China asks to ban mixed paper and many plastic scrap grades

China asks to ban mixed paper and many plastic scrap grades

Nation notifies WTO of year-end ban on mixed paper and several plastic scrap grades, says ISRI.

July 19, 2017
Recycling Today Staff
Legislation & Regulations Paper Plastics

The Washington-based Institute of Scrap Recycling Industries (ISRI) says China has notified the World Trade Organization (WTO) of its intent to ban the import of mixed paper, “most scrap plastics” and metal slags and drosses by the end of 2017.

 

ISRI says the plastic scrap grades covered by the proposed ban include “polymers of ethylene, styrene, vinyl chloride and PET [polyethylene terephthalate].”

 

Whether all grades classified in the United States as “mixed paper” would be banned is not entirely clear. A press release from the United Kingdom-based The Recycling Association describes the ban request as covering “unsorted waste paper,” in addition to “all plastics scrap, certain metal recycling residues, textiles and all unsorted waste or scrap.”

 

The news release also quotes Colin Clarke, who is with United Kingdom-based Mark Lyndon Paper Enterprises, as saying, “For the time being, we are still able to export OCC [old corrugated containers], mixed paper and other grades to China, as it is only unsorted waste paper imports that have been banned.”

 

Clarke continues, “The word from China is that we purchase a grade made to a global specification and not unsorted papers. Normal caveats apply when dealing with the Chinese authorities that if bad shipments are received, then mixed papers in particular could be at threat of a ban.”

 

ISRI’s 2016 specifications for exported paper grades include three in the mixed paper category. The hard mixed paper (HMP) grade specification refers to it being sorted and consisting of “less than 10 percent groundwood content.” The soft mixed paper grade spec also uses the word “sorted,” but says it is “not limited as to type of fiber content.” The residential mixed paper grade spec makes no mention of sorting, and says the grade consists of paper “not limited as to type of fiber content.”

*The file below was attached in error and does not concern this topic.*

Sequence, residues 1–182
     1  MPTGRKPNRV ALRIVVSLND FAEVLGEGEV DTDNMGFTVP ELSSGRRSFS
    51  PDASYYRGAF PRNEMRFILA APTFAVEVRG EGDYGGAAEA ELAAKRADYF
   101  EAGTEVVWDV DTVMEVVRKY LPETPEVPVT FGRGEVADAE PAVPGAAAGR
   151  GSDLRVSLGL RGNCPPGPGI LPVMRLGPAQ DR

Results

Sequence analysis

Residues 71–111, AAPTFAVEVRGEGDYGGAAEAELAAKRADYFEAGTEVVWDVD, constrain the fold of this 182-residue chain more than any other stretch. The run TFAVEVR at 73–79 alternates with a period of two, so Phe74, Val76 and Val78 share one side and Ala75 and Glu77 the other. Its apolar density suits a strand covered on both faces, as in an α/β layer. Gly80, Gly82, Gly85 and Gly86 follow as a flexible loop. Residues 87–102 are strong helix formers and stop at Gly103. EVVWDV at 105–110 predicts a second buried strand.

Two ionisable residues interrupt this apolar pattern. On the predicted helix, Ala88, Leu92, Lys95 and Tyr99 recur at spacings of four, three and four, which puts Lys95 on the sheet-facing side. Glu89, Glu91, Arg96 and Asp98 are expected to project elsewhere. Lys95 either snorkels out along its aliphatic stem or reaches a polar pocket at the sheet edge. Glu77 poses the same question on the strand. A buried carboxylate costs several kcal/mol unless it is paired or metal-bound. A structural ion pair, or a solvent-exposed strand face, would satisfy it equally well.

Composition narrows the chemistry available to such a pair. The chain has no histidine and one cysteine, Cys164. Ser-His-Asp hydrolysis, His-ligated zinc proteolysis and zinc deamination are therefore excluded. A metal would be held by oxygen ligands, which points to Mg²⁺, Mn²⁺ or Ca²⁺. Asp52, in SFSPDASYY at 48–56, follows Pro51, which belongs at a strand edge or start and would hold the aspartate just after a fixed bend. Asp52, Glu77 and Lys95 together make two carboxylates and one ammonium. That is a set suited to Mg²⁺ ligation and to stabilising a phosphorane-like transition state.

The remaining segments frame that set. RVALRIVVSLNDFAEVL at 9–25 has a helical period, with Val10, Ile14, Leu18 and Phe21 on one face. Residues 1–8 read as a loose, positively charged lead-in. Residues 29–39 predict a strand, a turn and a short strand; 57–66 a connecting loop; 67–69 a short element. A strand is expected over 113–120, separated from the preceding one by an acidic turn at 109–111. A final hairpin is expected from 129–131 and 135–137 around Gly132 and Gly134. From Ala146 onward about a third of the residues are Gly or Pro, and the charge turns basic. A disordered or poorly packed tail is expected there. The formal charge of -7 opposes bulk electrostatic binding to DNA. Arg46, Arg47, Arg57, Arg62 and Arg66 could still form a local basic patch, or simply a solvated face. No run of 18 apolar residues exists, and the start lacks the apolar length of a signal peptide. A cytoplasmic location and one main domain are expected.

ISRI says it has “already notified the Office of the United States Trade Representative and the U.S. Department of Commerce [of] the devastating impact such a ban will have on the global recycling industry, especially because ISRI has heard that China is considering additional notifications in the future on other scrap materials.”

 

Additionally, ISRI President Robin Wiener says upon hearing about the ban, says ISRI “immediately briefed U.S. officials in preparation for [the July 19, 2017] U.S.-China Comprehensive Economic Dialogue (CED) in Washington.”

 

More than $5.6 billion in scrap commodities were exported from the United States to China in 2016, says ISRI. “The trade in specification-grade commodities – metals, paper and plastics – between the United States and China is of critical importance to the health and success of the U.S.-based recycling industry. If implemented, a ban on scrap imports will result in the loss of tens of thousands of jobs and closure of many recycling businesses throughout the United States.”

 

An International Scrap Trade Database released by ISRI in April 2017 showed that China imported 29.2 million metric tons of recovered fiber in 2015, a figure that represented more than half of the world’s cross-border traded scrap paper.

 

The same database indicated China imported more than 7.3 million metric tons of plastic scrap in 2015, representing 48 percent of the globally traded total. That number likely declined in 2016 and has shrunk further in 2017, as Chinese customs and environmental agencies have been inspecting and closing down plastic recycling facilities.

 

ISRI adds, “In any given year, approximately one-third of the scrap recycled in the United States is prepared for shipment to the export market, and China is the recycling industry’s largest customer. This includes more than $1.9 billion in scrap paper (13.2 million tons) and $495 million in scrap plastics (or 1.42 million tons).

 

Ocean freight companies may also raise questions about the ban, as scrap materials represent a significant percentage of the “backhaul” journey via which 20- and 40-foot containers make a return trip from North America or Europe back to China.

 

Regarding the potential economic impact of the ban in the U.S., Wiener adds, “More than 155,000 direct jobs are supported by the U.S. industry's export activities, earning an average wage of almost $76,000 and contributing more than $3 billion to federal, state, and local taxes. A ban on imports of scrap commodities into China would be catastrophic to the recycling industry.”